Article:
But what can I do? I cannot tell a person, “You are not mentally ready to buy a car yet, so don’t”; I will wait for them to buy the car, mess it up and then contact me for help. The variety of vehicles in South Africa is staggering and yes, there are Toyotas too, but they, surprisingly, are not the majority.

————–

Hi Baraza,

I religiously look forward to the Wednesday paper just to have a go at your column. Now, I have two questions:

1. I drive a Nissan Bluebird U11 1985 model, 1800cc carburettor engine. It does 7–8 km/l in town and 10–12 km/l on the highway. I am planning to purchase a new ex-Japan EFI engine for the car because I fear the carburettor is not 100 per cent reliable. I am torn between a Wingroad and a Nissan B15 1500cc engine. Most of my friends prefer the B15 engine while I feel the Wingroad one is more faithful. Kindly advise on which one would be best for stress free driving on such an old car.

2. This is a bit personal and I’m sure I will get it rough from you. What car do you drive because I got shocked to learn that you drive a Toyota Platz — in a previous article you really dissed the vehicle.

Akala

——————-

First off, I don’t like either of the two Nissans, and sadly for you, both are prone to glitches.

From the mail I receive from readers, the B15 has suspension made out of used matchsticks while the Wingroad suffers electrical gremlins.

From what I see on the road, the Wingroad ages gracelessly while the B15 clings on tenaciously for a slightly longer time before succumbing to old age. So maybe you should go for the B15.

Now, about your second question: What I drive is not very important at the moment, but it sure as hell is not the unsightly Platz! Where did you get that information from? If a friend told you they know me and that I drive a Platz, lose the friend.

Hi Baraza,

Kindly offer your thoughts on the Audi A4. How does it compare with BMW 318i and Mercedes C-class?

Looks: Near tie between C-Class Mercedes (pretty) and Audi A4 (understated and classy).

Performance: The BMW 3-Series both handles and performs better than the other two.

They have recently started offering 4WD (x-Drive) versions, so Audi no longer has the advantage of traction.

The A4 can be a bit lethargic with the smaller non-turbo power units.

The C-Class is a pleasure to drive, such is the smoothness, and the supercharged Kompressors are plenty quick.

Handling wise, the BMW is best and the A4 worst, courtesy of its understeering tendencies.

Cost: When you buy a Merc, you will know, mostly from the moths that will fly out of your wallet and the echoes coming from the emptiness that is your bank account. BMW follows not too far behind, but is a bit more affordable.

A4 is the cheapest, generally. Where you buy and what spec you choose can easily swing the order one way or another.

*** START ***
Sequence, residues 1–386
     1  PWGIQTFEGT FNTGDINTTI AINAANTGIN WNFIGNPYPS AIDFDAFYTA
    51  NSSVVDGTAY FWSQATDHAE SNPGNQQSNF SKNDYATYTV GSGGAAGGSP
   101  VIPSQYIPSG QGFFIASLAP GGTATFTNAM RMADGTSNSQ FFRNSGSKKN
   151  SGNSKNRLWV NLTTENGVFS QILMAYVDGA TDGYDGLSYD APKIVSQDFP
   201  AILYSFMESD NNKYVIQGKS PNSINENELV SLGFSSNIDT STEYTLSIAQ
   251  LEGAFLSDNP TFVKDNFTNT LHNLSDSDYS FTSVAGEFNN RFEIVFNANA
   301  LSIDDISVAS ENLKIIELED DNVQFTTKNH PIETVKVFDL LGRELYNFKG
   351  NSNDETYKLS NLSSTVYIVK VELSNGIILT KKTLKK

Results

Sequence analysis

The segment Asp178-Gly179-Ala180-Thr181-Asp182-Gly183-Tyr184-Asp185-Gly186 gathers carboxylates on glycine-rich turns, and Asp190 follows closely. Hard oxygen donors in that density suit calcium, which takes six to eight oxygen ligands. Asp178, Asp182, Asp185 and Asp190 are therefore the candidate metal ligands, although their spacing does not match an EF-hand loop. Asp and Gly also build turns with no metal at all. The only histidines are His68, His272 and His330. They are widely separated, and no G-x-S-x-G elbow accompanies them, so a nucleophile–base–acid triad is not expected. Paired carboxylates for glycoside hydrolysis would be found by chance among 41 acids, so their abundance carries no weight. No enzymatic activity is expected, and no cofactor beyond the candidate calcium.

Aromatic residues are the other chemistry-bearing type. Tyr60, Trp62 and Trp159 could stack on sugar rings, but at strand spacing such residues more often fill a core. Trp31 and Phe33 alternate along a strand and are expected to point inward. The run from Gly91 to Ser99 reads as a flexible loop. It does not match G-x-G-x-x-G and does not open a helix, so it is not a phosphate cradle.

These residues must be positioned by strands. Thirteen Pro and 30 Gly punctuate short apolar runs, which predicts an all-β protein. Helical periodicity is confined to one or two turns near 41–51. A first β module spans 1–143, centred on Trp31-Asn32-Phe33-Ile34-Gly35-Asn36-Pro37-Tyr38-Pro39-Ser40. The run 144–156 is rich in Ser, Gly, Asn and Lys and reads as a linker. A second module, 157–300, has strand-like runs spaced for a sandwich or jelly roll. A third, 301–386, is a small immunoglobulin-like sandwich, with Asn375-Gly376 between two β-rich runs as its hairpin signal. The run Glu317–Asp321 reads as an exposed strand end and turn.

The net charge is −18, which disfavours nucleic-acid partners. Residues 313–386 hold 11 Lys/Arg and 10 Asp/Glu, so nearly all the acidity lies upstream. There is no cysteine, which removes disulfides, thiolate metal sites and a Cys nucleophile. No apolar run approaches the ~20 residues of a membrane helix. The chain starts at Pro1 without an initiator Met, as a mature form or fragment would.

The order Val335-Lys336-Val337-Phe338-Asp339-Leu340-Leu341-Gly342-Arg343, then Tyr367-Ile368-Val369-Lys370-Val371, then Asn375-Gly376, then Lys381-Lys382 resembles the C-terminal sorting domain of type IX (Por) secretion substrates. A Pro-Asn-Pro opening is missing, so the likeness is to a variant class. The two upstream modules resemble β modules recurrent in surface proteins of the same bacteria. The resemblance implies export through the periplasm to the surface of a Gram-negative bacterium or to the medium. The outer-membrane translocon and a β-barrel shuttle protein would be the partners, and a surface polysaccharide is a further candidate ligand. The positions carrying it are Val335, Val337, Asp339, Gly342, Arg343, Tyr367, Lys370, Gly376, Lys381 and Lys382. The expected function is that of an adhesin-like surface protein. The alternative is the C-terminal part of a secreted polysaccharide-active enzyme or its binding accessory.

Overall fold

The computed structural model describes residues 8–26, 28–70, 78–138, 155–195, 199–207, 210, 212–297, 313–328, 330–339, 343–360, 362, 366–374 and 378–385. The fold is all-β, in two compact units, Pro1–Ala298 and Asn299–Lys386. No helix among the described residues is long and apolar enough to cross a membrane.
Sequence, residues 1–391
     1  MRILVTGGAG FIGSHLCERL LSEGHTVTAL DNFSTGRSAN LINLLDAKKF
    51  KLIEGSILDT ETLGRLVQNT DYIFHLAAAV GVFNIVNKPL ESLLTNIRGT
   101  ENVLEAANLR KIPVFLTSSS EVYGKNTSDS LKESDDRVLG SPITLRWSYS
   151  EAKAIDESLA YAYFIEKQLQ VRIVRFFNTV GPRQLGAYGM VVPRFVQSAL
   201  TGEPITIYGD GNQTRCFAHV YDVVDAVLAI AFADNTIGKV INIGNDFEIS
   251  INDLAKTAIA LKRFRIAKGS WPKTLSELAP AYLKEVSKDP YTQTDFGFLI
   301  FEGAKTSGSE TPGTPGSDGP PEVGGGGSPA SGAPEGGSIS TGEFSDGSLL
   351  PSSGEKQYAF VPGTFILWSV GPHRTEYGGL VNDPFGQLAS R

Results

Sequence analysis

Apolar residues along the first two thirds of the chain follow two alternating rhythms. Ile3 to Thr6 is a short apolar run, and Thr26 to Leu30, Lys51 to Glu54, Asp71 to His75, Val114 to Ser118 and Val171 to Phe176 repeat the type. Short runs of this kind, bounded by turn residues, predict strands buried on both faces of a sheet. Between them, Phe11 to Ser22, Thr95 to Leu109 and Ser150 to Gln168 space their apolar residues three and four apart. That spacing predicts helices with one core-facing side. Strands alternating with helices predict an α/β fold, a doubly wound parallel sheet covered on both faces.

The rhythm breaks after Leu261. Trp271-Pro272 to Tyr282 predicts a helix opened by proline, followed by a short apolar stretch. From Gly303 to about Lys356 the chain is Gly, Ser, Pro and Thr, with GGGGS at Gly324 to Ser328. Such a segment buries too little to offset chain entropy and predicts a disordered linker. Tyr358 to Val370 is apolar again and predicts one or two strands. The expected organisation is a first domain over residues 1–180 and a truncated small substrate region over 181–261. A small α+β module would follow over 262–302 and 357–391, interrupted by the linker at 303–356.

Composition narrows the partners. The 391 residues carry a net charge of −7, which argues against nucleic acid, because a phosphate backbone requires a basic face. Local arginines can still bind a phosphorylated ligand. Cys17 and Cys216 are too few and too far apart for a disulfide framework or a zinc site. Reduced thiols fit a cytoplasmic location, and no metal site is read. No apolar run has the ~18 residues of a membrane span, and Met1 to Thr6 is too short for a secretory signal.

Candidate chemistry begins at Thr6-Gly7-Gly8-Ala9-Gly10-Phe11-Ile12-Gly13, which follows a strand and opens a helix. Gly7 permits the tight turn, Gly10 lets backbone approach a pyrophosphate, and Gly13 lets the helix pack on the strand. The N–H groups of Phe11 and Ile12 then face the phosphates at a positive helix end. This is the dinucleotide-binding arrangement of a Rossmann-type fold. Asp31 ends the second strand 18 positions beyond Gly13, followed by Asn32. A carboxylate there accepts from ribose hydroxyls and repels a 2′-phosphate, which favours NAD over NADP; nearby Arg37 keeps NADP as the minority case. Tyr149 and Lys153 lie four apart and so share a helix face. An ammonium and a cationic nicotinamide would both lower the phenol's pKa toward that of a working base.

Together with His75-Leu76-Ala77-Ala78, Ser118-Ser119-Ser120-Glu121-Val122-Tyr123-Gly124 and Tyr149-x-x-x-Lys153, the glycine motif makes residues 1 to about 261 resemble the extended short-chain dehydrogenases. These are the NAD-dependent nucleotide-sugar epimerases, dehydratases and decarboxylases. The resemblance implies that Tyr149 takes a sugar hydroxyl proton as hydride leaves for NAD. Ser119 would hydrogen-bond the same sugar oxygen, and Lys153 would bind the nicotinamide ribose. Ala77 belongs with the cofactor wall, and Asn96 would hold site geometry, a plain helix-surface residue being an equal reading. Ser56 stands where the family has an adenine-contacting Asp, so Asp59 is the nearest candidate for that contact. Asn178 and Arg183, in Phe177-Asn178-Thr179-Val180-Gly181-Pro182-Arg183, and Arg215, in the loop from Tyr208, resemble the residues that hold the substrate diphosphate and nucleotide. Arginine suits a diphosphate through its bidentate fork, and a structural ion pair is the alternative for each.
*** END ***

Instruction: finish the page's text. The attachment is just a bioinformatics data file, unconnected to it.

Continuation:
These are premium cars, so you will fork out for spares. Good thing is it will not happen often.

—————-

Hi Baraza,

I own a Toyota Wish with a 2000cc VVT-i engine. The vehicle has no overdrive button but there’s an ‘S’ button, which I presume stands for “sport”.

On engaging it, the vehicle becomes lighter and speed shifts with a lot of ease.

What I need to know is, how is the fuel consumption when I engage this gear, is it high or low?

Is it economical/safe for the engine if engaged at low speeds? There’s also another button labelled ‘Snow’ but I have never known what it is for. Kindly help.

Abdulrehman

——————–

When you engage this “S gear”, does the car leave a trail of your belongings on the road behind you? Or maybe a Hansel-and-Gretel trail of cogs, nuts, bolts, trunnions and wing-nuts? The car does not become lighter, it “feels” lighter, because the transmission is in a ‘Sport’ setting and so the vehicle’s performance is optimised, or “sporty”. The lightness may also come from the suspension stiffening, but I doubt this is the case for the Wish; such technology is found in costlier fare.

The consumption will definitely go up, but not enough to bankrupt you in one trip. It will also not damage the engine, or gearbox, at all; engines are built to withstand a wide range of performance parameters.

The ‘Snow’ setting acts as a sort of traction control for the gearbox, slowing down changes and sticking to higher gears at lower revs to minimise torque-induced wheelspin and skids.

————–

Hi Baraza,

Once, I went upcountry with a Toyota Prado and had no problem climbing the long hills.

But on another day, when I used a Land Rover Discovery Tdi, I realised its performance was weak compared to the Prado’s. Is it that the car had a problem or does it mean Prados are more powerful than Land Rovers?

Please compare the two. Also, I’m puzzled by words like supersaloon, special edition, splendid, and so on, that are used on Toyotas and Nissans. Do these cars have anything special?

Kahara

————–

Which Discovery did you use? And which Prado? The earlier Discovery cars were a bit agricultural, crap to be honest, especially because of the ageing 2.5, 4-cylinder diesel engine they used.